Like anything, it’s important to keep things maintained to get the best life out of the product. Although EVs require less hardware maintenance, they still require some. Additionally, there are still things that can wear down in EVs and ICEs alike. AC blower motors, paint chips and scratches, material wear on the seats, and more are all things that, for the foreseeable future, we will need to care for on any car we have.
Do Electric Cars Need Brake Pads?
One of the most common questions surrounding EV maintenance is their use of brake pads. What makes people ask this question is often a technology referred to as “regenerative braking.” Regenerative braking allows a vehicle to turn the electric motors on the tires into power generators. As crazy as it sounds, turning using the inertia of the car can charge the batteries, albeit only slightly. This regenerative braking allows for three things:
- Increased distance per charge
- Single pedal driving
- Reduced strain on brake pads
Instead of using the brake pads to stop, the car is using its motors. The closest thing in an ICE vehicle would be if you could get extra gas from engine braking while heading down a hill. Using regen braking, a lot of wear is taken off of brake pads, drastically increasing their life.
Even more, some companies have released brake pads that are “essentially infinite”. In practice, these brake pads can reach at least 250,000 miles and potentially even further.
Is it Cheaper to Own an EV?
One of the biggest selling points with an EV is the reduced expenses, primarily from not using gas and having little routine maintenance. In isolation these expenses are less than the equivalent for an ICE, but overall, is it still cheaper to own an EV?
First, it’s important to know all the things that go into car ownership. Yes, gas and maintenance are part of it, but so are insurance, monthly payments, and more. Your living situation will ultimately determine if an EV will be cheaper for you. Let’s go through a few scenarios.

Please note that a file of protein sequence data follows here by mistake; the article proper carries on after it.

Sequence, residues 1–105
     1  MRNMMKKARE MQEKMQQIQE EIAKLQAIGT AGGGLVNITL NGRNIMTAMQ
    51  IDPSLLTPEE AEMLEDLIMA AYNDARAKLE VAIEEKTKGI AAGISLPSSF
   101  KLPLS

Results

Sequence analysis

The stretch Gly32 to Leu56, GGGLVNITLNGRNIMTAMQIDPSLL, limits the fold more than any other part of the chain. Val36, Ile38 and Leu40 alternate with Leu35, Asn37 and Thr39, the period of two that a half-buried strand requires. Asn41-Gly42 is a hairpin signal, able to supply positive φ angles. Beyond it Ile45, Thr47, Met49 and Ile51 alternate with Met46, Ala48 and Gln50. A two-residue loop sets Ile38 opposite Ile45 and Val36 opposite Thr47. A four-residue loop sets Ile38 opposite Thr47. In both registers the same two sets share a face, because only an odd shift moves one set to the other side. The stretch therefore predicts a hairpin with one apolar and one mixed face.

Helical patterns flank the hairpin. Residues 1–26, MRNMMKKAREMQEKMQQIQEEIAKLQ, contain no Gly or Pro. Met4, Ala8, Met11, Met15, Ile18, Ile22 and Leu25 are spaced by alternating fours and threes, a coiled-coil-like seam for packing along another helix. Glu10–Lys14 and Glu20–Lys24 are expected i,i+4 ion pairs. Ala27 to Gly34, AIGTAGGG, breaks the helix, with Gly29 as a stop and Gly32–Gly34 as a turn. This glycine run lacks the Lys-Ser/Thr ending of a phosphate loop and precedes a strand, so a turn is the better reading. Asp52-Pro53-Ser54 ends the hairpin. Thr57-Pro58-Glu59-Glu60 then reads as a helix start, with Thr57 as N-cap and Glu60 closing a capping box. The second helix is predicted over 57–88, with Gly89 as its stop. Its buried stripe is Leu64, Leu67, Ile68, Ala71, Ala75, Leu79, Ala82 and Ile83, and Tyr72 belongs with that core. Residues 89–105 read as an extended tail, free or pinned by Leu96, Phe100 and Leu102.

Breaking Down Buying Scenarios
If you currently own an older ICE vehicle outright (a 2014 Honda Accord, for example), get decent gas mileage, and pay a reasonable amount for insurance, getting an EV would likely cost you an extra few hundred dollars a month if you finance, and tens of thousands if you outright purchase it. Owning a car outright will almost always be cheaper than establishing a payment on a newer one, even if you happen to save a bit on maintenance.
In this situation, owning your current car requires no monthly payment, but you spend ~$200 a month on gas, ~$60 on monthly maintenance, and $120 on monthly insurance. Your total monthly payment would be ~$380. If you were to purchase a new EV and sell your Accord for a down payment (around $12k), how much would it cost? The base model Tesla 3, the best-selling EV in the world, runs around $45k after taxes. Minus the down payment of 12k and financed at 3.25%, you are going to be paying ~$600 in payments and insurance a month BEFORE charging costs. In this case, buying an EV would be nearly twice as expensive.
Alternatively, if you are looking to buy a car and are deciding between two new cars of equal price, only one is an ICE and the other is an EV, the EV would almost assuredly win. Financing two cars of equal value with the only variable being gas/electric charging plus maintenance, most EVs could save a little bit of money each month, albeit not a lot.